Preparing excellent bone broths and rendering animal fats at home are the foundations of many of the mouth-watering recipes that grace the pages of Long Way on a Little. These skills are requisites for enjoying a bounty of nutrition and flavor, and Hayes reminds us that broth and animal fats are “some of the most nutrient-dense foods imaginable.” It is absolutely essential that the frugal gourmet learn to prepare these staples of the diet. Americans have nearly lost the art of making and eating soup on a regular basis—after all, soup and supper are closely related words— and the delectation of a daily dish of soup confers pleasure, health, and wealth in terms of superior nutrition.
Utilizing bones and skin from grass-fed animals goes a very long way to avoid the massive waste that can occur when these parts of the animal are disregarded. As Hayes points out, there is no way that small, grass-based farmers can “feed the world” or even feed their neighbors if the only thing people choose to eat are choice cuts that are in very limited supply such as ribeye steaks and chicken breasts. However, by utilizing all the parts of the animal wisely, many more meals can be created from nutritious, delicious, and generally much less expensive cuts. Further, one must learn to look at each cut of meat in terms of more than one meal that may be made from it. This way of cooking allows even a couple or a single person to contemplate a joint of beef or neck roast or a whole turkey or duck in terms of many meals. In the 1960s Michael Field, one of America’s foremost culinary authorities, wrote a wonderfully useful book called Culinary Classics and Improvisations whose theme was exactly this. He presented a classic recipe such as shoulder of lamb or braised veal followed by six or eight recipes to make artful use of the leftovers and provide meals for days to come. Truly such thrift is generosity in disguise.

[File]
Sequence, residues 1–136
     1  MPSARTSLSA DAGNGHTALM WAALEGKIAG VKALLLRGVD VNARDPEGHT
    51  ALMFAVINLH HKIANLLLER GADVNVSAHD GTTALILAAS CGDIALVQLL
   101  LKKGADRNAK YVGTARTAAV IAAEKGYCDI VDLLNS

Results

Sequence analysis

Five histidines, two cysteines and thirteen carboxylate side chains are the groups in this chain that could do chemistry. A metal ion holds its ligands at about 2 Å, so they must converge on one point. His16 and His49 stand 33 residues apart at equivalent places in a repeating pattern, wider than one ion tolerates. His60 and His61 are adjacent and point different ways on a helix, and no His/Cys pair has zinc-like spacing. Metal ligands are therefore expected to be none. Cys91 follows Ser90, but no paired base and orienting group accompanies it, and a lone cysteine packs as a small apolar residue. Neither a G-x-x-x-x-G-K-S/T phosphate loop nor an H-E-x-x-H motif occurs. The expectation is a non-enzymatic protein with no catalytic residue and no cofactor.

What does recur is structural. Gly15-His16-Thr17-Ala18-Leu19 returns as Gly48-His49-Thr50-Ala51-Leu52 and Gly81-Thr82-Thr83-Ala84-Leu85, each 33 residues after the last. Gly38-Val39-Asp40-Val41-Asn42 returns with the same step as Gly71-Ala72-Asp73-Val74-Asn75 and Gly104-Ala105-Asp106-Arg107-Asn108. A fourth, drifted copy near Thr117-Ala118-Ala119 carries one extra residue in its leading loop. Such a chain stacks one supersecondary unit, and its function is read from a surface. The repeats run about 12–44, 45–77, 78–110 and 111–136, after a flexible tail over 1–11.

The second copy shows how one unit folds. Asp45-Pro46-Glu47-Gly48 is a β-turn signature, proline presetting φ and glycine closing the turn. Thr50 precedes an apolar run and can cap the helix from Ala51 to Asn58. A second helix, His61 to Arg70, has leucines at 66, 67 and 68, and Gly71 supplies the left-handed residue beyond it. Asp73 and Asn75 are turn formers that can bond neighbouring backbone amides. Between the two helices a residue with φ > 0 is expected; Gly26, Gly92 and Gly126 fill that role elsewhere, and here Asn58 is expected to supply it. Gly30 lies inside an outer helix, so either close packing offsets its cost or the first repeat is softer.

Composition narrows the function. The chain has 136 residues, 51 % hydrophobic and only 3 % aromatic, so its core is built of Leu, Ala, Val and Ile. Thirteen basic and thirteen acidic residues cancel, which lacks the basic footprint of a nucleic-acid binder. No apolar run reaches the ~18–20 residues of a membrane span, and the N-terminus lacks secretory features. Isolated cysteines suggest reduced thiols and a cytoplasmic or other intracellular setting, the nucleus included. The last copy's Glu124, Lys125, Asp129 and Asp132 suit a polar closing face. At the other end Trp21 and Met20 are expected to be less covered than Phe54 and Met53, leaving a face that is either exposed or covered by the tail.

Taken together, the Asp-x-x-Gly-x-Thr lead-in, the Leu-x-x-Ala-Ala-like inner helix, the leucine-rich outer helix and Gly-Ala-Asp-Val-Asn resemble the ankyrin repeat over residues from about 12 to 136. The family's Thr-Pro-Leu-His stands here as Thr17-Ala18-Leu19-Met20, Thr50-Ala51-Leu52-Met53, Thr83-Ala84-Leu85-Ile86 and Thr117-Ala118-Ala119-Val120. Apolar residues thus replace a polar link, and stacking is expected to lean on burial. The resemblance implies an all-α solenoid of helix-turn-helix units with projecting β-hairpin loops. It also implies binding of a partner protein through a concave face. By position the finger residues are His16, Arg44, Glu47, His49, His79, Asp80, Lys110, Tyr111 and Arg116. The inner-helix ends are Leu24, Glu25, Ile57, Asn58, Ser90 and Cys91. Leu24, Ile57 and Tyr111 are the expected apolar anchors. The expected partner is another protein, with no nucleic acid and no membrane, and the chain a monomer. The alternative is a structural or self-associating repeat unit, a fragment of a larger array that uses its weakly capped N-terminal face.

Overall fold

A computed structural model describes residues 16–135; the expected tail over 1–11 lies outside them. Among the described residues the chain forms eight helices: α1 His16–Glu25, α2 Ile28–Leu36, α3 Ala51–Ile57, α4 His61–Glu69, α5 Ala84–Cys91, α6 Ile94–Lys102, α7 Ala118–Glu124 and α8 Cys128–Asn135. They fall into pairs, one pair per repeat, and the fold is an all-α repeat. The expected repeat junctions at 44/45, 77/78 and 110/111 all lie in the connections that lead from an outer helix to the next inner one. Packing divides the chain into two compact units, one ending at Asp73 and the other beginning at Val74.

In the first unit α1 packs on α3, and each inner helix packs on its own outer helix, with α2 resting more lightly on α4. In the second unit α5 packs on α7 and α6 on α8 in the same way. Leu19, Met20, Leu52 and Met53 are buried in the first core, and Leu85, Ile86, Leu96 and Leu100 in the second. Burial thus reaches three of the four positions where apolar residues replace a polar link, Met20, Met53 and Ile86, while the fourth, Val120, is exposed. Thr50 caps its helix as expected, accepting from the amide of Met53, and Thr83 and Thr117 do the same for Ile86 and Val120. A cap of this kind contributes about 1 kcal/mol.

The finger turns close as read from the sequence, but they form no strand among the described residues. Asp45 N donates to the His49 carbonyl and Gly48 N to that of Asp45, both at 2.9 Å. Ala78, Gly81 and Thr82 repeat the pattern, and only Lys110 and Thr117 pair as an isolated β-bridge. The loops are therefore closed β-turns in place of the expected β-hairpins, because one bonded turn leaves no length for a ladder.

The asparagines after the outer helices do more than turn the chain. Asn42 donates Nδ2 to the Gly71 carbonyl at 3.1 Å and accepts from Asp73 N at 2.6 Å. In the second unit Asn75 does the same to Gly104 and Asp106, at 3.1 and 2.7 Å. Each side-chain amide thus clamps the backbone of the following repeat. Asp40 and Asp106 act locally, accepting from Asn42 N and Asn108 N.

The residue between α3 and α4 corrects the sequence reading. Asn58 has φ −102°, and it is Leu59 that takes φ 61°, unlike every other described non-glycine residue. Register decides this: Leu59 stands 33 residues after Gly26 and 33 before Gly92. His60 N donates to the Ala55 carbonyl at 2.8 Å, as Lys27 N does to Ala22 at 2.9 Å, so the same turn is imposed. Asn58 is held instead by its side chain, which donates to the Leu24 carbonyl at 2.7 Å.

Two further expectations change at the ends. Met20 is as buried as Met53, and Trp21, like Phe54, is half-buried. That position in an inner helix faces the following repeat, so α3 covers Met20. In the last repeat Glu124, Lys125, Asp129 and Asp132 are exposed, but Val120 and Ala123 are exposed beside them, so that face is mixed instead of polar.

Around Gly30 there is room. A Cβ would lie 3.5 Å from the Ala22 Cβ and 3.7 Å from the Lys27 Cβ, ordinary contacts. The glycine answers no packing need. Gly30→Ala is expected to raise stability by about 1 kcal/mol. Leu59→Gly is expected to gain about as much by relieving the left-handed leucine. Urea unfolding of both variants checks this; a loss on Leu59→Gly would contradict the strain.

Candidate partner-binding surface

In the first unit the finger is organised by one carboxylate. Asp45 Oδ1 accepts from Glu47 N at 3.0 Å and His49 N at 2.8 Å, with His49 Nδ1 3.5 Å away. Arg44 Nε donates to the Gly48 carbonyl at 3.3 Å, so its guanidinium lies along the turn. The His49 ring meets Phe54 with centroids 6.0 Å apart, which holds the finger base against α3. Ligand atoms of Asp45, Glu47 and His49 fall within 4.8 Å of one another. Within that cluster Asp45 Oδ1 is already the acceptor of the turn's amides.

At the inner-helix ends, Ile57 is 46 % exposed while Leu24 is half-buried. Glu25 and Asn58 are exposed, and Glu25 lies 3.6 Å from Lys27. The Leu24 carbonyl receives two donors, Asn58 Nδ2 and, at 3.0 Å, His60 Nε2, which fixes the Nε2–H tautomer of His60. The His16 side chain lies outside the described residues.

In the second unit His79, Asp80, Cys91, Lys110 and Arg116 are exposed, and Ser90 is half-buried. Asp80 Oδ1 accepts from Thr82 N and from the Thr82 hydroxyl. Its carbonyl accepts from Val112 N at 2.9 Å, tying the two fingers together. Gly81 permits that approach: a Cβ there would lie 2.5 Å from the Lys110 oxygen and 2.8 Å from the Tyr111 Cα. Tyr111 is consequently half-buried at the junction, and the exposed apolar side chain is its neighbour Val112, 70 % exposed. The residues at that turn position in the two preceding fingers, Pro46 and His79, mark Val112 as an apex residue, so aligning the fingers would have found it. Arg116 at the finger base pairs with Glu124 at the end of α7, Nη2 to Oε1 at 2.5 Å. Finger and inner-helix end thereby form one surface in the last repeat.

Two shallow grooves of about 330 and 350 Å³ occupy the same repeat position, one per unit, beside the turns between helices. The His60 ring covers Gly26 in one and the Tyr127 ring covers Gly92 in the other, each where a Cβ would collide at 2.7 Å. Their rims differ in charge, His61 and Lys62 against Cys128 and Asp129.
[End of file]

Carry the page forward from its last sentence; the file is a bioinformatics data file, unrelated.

The chapter “Heads, Tails, and Other Under-appreciated Treasures” carried Hayes herself into uncharted waters, and she honestly reveals her initial trepidation in tackling such adventures as “cooking a pig’s head or skewering a chicken’s heart.” Nevertheless, she proudly reports that now many of these once-daunting recipes represent some of her family’s favorite foods, and yes, her young daughters dig in with gusto!
“Long Way on a Little represents the single greatest learning curve I’ve climbed in my understanding of grassfed meats and how to most thoroughly use them,” Hayes tells us. Her frankness is winning, and will go a long way toward reassuring readers to follow her lead. As a persuasive writer with first-hand experience in matters of sustainable agriculture, her lively discussions on livestock farming in the United States today also inform and educate with clarity and wit. Perhaps the best part of Hayes’ book is the fact that by utilizing her approach to making one’s diet meat-based and at the same time affordable for all, one gains true freedom. As Samuel Johnson once observed, “Frugality may be termed the daughter of Prudence, the sister of Temperance, and the parent of Liberty.”
This article appeared in Wise Traditions in Food, Farming and the Healing Arts, the quarterly magazine of the Weston A. Price Foundation, Spring 2013.